By convention, the heavier isotope is written first to give a heavy/light isotope ratio.
For example, δ 2H or δ D = 2H/1H. δ 18O = 18O/16O and δ 17O = 17O/16O.
The δ of an isotope is always measured relative to a known standard. In the case of O and H, the standard is VSMOW (Vienna Standard Mean Ocean Water). Other standards are used for other isotopes.
To make these differences more apparent, the ratio is multiplied by 1000. The value of δ 18O is stated as per mil (‰, parts per thousand, in the same way that % is per cent, for parts per hundred).
In absolute values, δ 18O = 2.0052 * 10-3
Δ (Big delta, not to be confused with small delta) is the difference between two δs.
Stable isotopes are those isotopes that do not undergo radioactive decay. Their nuclei are stable and their masses remain the same. However, they may themselves be the product of radioactive isotope decay. The isotopic composition of stable isotopes is, however, subject to natural variation due to mass-dependent fractionation. Differences in mass between isotopes result in isotopic fractionation during chemical processes. Stable isotopes of interest for the hydrologist are generally H, C, N, O, S, B, and Li.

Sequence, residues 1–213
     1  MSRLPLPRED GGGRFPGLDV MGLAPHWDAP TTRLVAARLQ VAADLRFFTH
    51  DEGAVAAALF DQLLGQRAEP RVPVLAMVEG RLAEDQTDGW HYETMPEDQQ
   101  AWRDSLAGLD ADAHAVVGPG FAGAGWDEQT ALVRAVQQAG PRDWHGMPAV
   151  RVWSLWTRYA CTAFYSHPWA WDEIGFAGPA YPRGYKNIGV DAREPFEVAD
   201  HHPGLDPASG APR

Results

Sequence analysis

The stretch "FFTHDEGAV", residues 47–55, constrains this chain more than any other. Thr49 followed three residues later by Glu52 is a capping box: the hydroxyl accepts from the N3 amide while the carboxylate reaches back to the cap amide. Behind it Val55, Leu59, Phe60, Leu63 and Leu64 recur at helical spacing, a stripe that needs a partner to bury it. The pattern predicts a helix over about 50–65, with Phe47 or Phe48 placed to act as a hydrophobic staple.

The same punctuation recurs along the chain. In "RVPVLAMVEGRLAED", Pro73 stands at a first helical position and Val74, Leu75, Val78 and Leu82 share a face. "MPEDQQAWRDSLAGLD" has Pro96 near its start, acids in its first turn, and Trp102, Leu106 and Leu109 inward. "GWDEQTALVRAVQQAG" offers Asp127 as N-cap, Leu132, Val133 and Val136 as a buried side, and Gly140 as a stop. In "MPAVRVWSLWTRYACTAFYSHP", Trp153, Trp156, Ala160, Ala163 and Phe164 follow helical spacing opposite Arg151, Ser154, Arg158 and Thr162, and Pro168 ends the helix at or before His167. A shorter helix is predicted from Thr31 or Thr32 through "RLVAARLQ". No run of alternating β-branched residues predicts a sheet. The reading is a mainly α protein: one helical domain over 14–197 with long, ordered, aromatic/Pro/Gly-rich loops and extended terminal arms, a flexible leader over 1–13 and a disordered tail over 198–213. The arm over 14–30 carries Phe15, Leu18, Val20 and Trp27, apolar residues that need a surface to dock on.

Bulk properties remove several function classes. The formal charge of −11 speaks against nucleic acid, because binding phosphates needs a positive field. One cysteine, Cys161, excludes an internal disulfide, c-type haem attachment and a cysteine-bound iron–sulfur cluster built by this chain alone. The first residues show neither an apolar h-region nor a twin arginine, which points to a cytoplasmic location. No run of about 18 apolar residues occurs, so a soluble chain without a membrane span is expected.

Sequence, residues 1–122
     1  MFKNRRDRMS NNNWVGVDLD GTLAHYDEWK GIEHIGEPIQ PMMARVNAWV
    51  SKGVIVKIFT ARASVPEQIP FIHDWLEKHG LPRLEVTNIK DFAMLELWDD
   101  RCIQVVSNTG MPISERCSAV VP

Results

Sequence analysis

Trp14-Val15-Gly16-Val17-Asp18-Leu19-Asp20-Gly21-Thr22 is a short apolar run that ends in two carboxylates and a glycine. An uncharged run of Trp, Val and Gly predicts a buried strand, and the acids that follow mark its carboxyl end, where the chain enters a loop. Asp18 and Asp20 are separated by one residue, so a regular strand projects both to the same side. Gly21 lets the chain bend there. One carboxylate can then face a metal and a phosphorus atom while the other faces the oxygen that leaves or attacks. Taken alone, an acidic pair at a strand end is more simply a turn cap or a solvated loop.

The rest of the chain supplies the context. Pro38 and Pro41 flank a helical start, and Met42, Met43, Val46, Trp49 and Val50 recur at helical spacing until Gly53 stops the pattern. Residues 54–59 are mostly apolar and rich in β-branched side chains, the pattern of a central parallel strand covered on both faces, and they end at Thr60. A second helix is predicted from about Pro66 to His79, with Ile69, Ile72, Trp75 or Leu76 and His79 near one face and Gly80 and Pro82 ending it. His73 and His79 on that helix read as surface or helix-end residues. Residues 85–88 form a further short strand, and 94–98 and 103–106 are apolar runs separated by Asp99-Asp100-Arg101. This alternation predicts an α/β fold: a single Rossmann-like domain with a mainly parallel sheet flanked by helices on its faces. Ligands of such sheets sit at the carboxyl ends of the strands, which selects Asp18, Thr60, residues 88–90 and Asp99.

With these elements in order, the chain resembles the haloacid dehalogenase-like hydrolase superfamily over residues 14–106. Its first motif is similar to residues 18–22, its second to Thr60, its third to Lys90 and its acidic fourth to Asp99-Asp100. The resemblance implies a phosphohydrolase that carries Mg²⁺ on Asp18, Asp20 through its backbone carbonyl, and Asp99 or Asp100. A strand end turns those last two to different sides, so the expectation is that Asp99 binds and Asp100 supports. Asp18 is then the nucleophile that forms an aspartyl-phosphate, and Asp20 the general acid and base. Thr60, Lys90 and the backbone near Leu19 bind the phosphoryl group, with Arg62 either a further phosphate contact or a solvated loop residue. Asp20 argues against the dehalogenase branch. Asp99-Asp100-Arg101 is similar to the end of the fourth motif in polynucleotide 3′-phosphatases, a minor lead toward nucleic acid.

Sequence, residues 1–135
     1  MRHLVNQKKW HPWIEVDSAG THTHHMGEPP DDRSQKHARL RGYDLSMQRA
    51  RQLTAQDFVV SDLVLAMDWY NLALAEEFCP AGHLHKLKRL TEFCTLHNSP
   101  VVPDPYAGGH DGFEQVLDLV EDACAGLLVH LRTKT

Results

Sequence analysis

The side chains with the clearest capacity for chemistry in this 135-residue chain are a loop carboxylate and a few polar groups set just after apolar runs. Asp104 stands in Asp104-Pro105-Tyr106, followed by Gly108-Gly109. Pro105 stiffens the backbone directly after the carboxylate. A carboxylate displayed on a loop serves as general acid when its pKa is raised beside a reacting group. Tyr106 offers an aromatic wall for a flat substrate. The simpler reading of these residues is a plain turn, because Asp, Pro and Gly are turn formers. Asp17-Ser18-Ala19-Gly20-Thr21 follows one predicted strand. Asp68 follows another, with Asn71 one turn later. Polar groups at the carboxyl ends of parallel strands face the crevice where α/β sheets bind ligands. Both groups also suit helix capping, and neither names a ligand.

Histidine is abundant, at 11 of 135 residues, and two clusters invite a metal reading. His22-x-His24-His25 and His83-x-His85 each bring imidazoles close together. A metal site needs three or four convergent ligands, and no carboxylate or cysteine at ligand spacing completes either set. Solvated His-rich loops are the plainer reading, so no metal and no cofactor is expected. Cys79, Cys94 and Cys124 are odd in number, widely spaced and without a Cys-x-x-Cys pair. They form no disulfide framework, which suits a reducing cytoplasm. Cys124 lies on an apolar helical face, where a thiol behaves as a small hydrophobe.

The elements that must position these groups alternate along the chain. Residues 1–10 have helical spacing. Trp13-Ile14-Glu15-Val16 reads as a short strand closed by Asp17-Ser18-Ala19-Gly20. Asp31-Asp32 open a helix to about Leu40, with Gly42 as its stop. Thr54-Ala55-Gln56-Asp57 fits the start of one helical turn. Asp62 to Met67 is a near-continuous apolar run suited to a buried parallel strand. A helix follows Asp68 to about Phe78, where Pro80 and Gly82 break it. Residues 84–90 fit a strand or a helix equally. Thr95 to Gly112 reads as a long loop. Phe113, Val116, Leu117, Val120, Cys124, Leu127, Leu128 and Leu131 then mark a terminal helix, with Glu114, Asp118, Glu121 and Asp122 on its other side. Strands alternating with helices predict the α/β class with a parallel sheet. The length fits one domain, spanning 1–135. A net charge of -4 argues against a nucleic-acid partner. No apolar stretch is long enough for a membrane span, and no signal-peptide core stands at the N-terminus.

During isotopic fractionation, heavy and light isotopes partition differently between two compounds or phases. Isotope fractionation occurs because the bond energy of each isotope is slightly different, with heavier isotopes having stronger bonds and slower reaction rates. This is because the bond energy and the reaction rates are proportional to the mass difference between isotopes. Thus, light elements are more likely to exhibit isotopic fractionation than heavy isotopes.
For example, the relatively light 12C and 13C isotopes have an 8% mass difference and undergo stable isotope fractionation. In contrast, the heavy isotopes 87Sr and 86Sr have a 1.1% mass difference and do not exhibit detectable mass fractionation. Isotopes especially susceptible to fractionation are among the most abundant on earth: H, C, N, O, and S.